The following FAQ outlines the risks posed by the Federal Retirement Thrift Investment Board’s (FRTIB) unconscionable plan to invest billions of dollars from the Thrift Savings Plan (TSP) — the retirement assets of federal government employees, active duty servicemembers, veterans, and retired civil servants — in companies controlled by the Chinese Communist Party (CCP).
In June, the FRTIB will allow current and former federal employees to invest up to 25% of their savings in 5,000 new mutual funds that include CCP-controlled companies, barring White House or congressional intervention. Last month, CPA called on the FRTIB to abandon this plan, calling it economic treason to invest federal retirement dollars in China.
According to research conducted by CPA, within these mutual funds are at least 32 Chinese companies that are presently non-compliant with U.S. federal securities laws and sanctioned by the U.S. government for national security and/or human rights abuses. Despite repeated requests for information, the FRTIB has failed to vet the 5,000 new mutual funds for compliance with federal securities laws, protective disclosure requirements, or if any of the funds are owned or controlled by the CCP. Additionally, the FRTIB has made clear, in publicly available meeting minutes, that it has no intention of screening these mutual funds for the presence of Chinese companies, including U.S.-sanctioned and other Chinese corporate bad actors.
Q: Why are people concerned about the TSP offering mutual funds?
A: The Federal Retirement Thrift Investment Board (FRTIB) controls the Thrift Savings Plan (TSP) – the main retirement plan for current and former government employees. The Board made a closed-door decision as to how to go about adding 5,000 mutual funds to the plan. The concern is these funds are unvetted and therefore could risk billions in retirement savings if the funds are entangled with Chinese Community Party entities.
Q: What are you asking the Biden Administration, Congress, and the FRTIB to do?
A: It is critical that people have choices in their retirement. The #NoTSP4CCP Coalition, however, is asking the Administration, Congress, and the FRTIB to halt the new TSP Mutual Fund Window, set to open in early June, until the TSP has done its due diligence to ensure no holdings are in violation of U.S. securities law, are on the U.S. sanctions list, and are not entities held by the Chinese Communist Party (CCP) or the People’s Liberation Army (PLA). It is incumbent on the TSP, not the participants – federal workers, active duty military, veterans, and retired government employees – to ensure TSP funds are safe and secure from Chinese influence.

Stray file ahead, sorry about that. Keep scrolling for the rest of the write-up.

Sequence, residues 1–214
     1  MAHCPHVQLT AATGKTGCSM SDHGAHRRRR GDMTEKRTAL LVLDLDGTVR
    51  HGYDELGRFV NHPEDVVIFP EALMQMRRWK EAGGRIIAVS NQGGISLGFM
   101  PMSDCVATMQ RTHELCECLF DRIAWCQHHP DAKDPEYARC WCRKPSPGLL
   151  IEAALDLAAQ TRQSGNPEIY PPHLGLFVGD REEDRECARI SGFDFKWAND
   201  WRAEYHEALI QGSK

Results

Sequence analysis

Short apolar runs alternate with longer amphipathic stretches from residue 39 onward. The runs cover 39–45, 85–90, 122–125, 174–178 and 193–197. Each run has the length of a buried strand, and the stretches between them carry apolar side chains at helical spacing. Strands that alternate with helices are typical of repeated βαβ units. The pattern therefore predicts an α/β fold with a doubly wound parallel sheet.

Q: This sounds familiar? Has this been in the news before?
A: Yes! In 2019, the FRTIB tried to do the same thing, but they were stopped by Congress. In 2020, the TSP board had to halt their plans for investing in new emerging markets funds for their I Fund that would have increased exposure to China and other bad actors. This is the FRTIB’s latest attempt to put the retirement savings of millions at risk.
Q: What is FRTIB and TSP saying? That it’s safe and they’ve checked the mutual funds for exposure?
A: Nope. The new plan offers an estimated 5,000 mutual funds. Not only is the FRTIB refusing to check for exposure, they have publicly stated that doing so, “would prove too costly for the plan.”
Q: Are the current mutual funds on offer in the TSP free of Chinese entities with links to the Chinese military and human rights violators? Are they all in good standing with U.S. sanctions and U.S. securities regulations?
A: That is a good question, and is exactly our point. Right now, the TSP does not currently offer its participants a mutual fund plan. The concern is not with offering participants more options, but with U.S. taxpayer dollars funding Chinese Communist Party entities that may pose a national security risk, are committing human rights abuses, and are not in compliance with U.S. laws and regulations.
Q: What’s the alternative? That the TSP requires the mutual funds to produce binding self-certification that each fund offered is free of exposure?
A: Correct. The TSP must require its fiduciaries – BlackRock and State Street – to provide binding commitments on all funds offered, and ensure that any sanctioned or bad actor funds are removed.
Q: How many funds will be offered to TSP participants? Is there any impact by delaying to check for exposure?
A: The plan is to offer 5,000 mutual fund options. The TSP has claimed this is to diversify investment options for participants, but a few more months to ensure due diligence has been done will not impact overall investments. Any changes to the world’s largest defined contribution fund, with more than $730 billion in assets, should be transparent to the public and its participants.
Q: What type of Chinese-controlled entities are of particular concern?
A: Funds include companies that have been sanctioned for forced labor by the United States, such as KTK GROUP CO., and/or publicly traded companies selling XPCC cotton, which are barred under the Global Magnitsky Sanctions, as well as through Withhold Release Orders. This is why the plan must be halted and all funds checked.